This slim volume can easily be read in an evening, and for any lover of traditional detective fiction, it is practically a must. Not only for insights that James provides into the origins of detective fiction, but the insights it provides into James herself as a working writer, one whose intellect, at age 90 plus, is far from dimmed. In one of the early chapters, discussing the author G.K. Chesterton, she quotes the author of the Father Brown books as saying: “the only thrill, even of a common thriller, is concerned somehow with the conscience and the will.” She goes on to say (and this is really no surprise to any devoted fan of James) that this is her own personal credo as a writer.
While she delves as far back as Poe and Collins, and cites Kate Summerscale’s recent The Talented Mr. Whicher as an illustration of the fusion of a real life detective and crime with detective fiction, her real interest, unsurprisingly as well, is centered on the Golden Age writers who are her true ancestresses—Agatha Christie, Dorothy L. Sayers, Margery Allingham and my own personal favorite, Ngaio Marsh. Agatha, for all her popularity and acclaim, is the one who gives her the most pause. Her respect for “Mrs. Christie” as James refers to her in the text, is genuine, but she still cites her characters as pasteboard, her plots as sometimes ridiculous, and yet James herself can’t help but admire Mrs. Christie’s ingenuity. When she writes about Agatha, it’s almost like she’s worrying away at a bone that particularly troubles her.
The nuance she finds in Sayers, Allingham, and Marsh is more to her taste, and in Marsh she sees the most gifted novelist fighting to get out from under the traditional genre restrictions. The affection she feels for all four women is undisguised, as is her love of detective fiction in general. She almost modestly relates how she herself forms her plots, and how she came up with the idea for her classic character of Adam Dalgleish. A brisk read, the book is full of flashes of insight, the most profound of which may be that in an unsettled society (as the Golden Age ladies were writing about between the World Wars) the reliability and comfort of detective fiction, with it’s tying up of lose ends, is beyond satisfying. It’s almost essential.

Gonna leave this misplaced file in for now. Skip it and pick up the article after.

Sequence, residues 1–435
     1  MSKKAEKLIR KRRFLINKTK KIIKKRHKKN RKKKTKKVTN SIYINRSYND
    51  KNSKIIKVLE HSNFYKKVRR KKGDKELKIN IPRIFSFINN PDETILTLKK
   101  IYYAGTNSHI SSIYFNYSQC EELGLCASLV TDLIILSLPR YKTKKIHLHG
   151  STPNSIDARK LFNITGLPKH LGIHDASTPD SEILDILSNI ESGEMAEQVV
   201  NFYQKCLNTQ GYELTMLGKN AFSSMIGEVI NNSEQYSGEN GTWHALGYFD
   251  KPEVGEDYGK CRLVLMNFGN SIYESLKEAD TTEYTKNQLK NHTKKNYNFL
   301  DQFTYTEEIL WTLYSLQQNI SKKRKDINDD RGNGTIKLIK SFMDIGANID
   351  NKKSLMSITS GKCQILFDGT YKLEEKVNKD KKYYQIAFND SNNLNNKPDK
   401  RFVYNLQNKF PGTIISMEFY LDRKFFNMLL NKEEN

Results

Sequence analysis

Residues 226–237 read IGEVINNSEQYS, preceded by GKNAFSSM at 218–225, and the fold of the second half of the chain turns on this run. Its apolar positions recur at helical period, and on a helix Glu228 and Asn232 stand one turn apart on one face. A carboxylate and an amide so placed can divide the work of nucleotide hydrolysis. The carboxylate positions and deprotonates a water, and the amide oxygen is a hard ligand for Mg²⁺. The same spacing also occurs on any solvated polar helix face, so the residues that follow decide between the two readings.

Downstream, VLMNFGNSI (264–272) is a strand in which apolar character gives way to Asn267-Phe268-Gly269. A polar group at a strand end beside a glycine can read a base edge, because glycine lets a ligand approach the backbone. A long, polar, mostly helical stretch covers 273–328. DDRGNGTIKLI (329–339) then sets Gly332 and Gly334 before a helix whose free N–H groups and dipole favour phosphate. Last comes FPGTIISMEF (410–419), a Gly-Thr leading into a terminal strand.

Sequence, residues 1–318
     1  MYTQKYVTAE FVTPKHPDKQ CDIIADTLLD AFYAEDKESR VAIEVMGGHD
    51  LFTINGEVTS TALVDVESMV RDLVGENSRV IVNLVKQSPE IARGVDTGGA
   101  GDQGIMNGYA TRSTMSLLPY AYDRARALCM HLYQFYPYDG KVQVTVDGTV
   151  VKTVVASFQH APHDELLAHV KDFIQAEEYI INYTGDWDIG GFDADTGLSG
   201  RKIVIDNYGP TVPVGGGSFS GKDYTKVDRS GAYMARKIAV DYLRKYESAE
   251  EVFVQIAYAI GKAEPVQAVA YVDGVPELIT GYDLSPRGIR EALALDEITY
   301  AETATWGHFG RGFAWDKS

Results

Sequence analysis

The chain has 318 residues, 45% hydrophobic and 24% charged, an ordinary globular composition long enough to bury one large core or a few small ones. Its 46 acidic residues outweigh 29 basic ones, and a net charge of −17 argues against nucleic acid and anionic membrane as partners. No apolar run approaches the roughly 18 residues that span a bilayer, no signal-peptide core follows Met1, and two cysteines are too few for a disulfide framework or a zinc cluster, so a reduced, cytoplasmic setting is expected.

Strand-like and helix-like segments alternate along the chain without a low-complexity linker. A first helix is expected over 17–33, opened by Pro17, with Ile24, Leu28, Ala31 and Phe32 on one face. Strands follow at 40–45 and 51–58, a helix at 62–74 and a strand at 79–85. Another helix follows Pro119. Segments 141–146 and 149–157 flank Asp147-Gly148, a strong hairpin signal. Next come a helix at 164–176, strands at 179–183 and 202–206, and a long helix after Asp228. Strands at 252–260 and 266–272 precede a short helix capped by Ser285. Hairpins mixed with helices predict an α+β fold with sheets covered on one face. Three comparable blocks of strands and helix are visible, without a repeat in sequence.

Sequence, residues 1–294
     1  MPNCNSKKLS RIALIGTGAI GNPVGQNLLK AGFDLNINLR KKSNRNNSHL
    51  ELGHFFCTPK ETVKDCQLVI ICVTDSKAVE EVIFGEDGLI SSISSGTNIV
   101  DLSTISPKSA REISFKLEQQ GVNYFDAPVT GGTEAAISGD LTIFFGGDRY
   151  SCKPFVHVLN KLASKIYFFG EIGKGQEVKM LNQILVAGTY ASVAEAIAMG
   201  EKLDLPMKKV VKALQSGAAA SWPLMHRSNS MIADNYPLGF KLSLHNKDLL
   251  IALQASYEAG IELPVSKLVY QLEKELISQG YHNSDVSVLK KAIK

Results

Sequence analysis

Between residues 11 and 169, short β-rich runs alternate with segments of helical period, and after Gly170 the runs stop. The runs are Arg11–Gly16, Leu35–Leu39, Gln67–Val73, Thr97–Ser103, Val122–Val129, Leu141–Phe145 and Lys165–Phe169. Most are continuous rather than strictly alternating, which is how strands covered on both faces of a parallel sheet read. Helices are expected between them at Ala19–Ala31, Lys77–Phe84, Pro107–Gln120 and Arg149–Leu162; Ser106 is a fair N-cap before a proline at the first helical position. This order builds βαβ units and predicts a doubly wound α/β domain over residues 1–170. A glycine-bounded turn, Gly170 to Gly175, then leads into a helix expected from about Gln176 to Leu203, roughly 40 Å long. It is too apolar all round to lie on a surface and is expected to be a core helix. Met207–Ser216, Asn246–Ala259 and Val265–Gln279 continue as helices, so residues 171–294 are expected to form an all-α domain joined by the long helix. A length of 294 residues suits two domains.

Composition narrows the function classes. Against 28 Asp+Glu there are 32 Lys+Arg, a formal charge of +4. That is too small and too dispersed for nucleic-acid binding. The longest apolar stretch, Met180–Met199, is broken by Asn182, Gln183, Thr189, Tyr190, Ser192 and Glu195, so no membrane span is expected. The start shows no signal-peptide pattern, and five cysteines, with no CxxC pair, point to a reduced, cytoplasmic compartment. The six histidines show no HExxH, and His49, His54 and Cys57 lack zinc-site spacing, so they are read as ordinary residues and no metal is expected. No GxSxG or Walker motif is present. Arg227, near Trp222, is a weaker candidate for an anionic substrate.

She also makes a case for the detective story as literature, one which for anyone who has read Ms. James’ A Taste for Death or Devices and Desires, probably doesn’t need to be made. The real thread in her book is how the detective story has grown into the detective novel, with a real love on her part of the past authors on whose work contemporary writers stand. While she cites authors as recent as Henning Mankell and Ian Rankin, her real look is a backward one. It’s also a breath of fresh air that may illuminate your own reading.